He had flown out to the beach rental a few days early. He was writing and running and kayaking. She had stayed home to help a friend pack up for a move and to work a couple of days before flying to join him. They had looked forward to a carefree month with time for reading, resting, and unwinding. They would camp and play and dream. He was finishing his third book. She was painting, trying something new, cheered on by his enthusiasm and his belief that she could do anything.
It was gone. That moment. She would never be carefree again. She turned abruptly back to the cabin. She loaded up the plastic bag and dry rack into the back of the borrowed station wagon to take to the thrift store. She put the box in the front seat to deliver to the post office. She would run those errands today.
She walked back to the table, picking up the black and white photo, still face down. The leather sandals stood by the door, she still hadn’t looked at them, stepping around them and averting her eyes each time she entered the doorway. She walked around the vacant cabin, empty but swelling with memories. She was done and packed. She zipped up her suitcase and grabbed her bag, tossing them into the front passenger seat. The typewriter case she placed gently in the back seat. She grabbed the flip flops off the ground and hurled them into the rear of the wagon.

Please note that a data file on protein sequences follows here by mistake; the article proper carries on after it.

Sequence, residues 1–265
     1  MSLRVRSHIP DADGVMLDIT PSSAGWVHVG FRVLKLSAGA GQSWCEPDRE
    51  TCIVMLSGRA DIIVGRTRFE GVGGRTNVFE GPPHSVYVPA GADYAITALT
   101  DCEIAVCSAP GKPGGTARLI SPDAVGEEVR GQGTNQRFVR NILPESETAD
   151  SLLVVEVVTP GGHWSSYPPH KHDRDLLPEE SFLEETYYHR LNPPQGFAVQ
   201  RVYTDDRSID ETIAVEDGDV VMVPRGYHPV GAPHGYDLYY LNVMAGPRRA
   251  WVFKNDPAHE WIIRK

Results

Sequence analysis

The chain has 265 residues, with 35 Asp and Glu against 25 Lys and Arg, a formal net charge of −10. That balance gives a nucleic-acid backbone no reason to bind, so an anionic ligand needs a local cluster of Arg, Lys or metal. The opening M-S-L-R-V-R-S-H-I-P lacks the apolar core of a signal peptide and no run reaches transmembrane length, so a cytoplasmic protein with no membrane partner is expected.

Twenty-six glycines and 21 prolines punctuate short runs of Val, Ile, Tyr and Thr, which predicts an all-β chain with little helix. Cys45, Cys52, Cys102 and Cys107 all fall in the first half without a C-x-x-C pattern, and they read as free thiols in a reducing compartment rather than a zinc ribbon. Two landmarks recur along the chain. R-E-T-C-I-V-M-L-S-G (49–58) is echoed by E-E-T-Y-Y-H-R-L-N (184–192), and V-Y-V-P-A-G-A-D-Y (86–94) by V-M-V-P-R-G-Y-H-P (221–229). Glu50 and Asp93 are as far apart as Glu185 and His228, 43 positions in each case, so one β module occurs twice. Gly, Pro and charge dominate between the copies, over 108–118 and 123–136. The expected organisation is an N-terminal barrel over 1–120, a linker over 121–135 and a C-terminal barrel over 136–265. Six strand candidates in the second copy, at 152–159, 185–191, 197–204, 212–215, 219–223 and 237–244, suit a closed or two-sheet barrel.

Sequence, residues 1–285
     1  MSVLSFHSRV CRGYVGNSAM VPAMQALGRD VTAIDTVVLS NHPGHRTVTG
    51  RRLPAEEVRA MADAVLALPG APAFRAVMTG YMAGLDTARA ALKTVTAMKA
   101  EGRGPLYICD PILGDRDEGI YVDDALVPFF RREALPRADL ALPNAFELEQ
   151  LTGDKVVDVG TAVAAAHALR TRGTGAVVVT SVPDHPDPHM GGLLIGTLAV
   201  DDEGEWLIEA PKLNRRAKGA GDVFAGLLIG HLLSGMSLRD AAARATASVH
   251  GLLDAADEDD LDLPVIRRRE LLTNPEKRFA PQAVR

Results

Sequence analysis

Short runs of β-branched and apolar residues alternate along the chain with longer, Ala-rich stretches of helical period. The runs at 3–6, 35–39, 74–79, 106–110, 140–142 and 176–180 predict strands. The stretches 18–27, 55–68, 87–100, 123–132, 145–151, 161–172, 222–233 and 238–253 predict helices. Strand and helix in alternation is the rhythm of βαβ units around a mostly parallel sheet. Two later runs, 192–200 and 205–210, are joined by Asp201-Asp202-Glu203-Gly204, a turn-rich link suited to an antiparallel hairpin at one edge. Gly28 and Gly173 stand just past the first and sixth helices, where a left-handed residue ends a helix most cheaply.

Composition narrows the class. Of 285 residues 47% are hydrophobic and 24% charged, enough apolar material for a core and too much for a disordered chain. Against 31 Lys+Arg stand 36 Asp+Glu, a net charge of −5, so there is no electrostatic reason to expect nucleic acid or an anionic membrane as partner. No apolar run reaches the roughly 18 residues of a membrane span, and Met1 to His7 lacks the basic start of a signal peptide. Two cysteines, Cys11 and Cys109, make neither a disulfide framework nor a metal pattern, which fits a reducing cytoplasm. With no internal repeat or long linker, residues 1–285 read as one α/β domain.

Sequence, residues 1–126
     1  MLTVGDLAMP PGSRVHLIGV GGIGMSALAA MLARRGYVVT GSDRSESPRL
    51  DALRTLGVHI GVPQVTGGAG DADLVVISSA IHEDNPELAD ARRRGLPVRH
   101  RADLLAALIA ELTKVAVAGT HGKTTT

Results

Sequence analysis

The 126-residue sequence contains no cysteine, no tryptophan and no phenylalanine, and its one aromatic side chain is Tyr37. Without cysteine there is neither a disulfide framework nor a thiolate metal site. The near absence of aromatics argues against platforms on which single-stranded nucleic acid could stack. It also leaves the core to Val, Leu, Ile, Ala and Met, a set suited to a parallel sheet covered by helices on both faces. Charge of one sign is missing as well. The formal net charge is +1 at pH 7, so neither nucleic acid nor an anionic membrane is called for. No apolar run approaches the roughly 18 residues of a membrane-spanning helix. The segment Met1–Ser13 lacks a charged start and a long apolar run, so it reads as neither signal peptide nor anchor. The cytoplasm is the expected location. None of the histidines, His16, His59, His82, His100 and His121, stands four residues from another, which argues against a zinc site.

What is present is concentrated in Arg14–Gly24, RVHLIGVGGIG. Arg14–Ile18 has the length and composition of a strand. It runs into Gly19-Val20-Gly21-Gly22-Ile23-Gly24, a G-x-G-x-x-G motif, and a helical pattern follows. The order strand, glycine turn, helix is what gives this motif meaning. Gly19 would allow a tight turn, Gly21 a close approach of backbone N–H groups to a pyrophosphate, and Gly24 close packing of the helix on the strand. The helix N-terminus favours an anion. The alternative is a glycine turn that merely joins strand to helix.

She had four pairs of boxers, a pocket knife, and a black and white photo of the two of them. She would give the typewriter to his brother. This is what was left of their dream life. He had been swimming and had drowned. He had worked summers in college as a beach patrol lifeguard in this area. It was he who had properly introduced her to the ocean, this spot, this place he loved so well. He knew the waters and every spot along the shore for miles. She did not know if she would ever understand how it had happened. She slammed the doors of the car and walked back up to the cabin. She locked the door, knowing this was the last time, and tucked the key under the mat for the landlord to retrieve later that evening.
She climbed in the station wagon and drove barefoot. Where she would go, after the errands were completed, she did not know. She would not be coming back here. Inside the cabin, near the door, like a dog waiting for its owner, sat the pair of sandals with a sprinkling of beach sand, two pennies, a ticket stub, and a rubber band on the faded linoleum floor.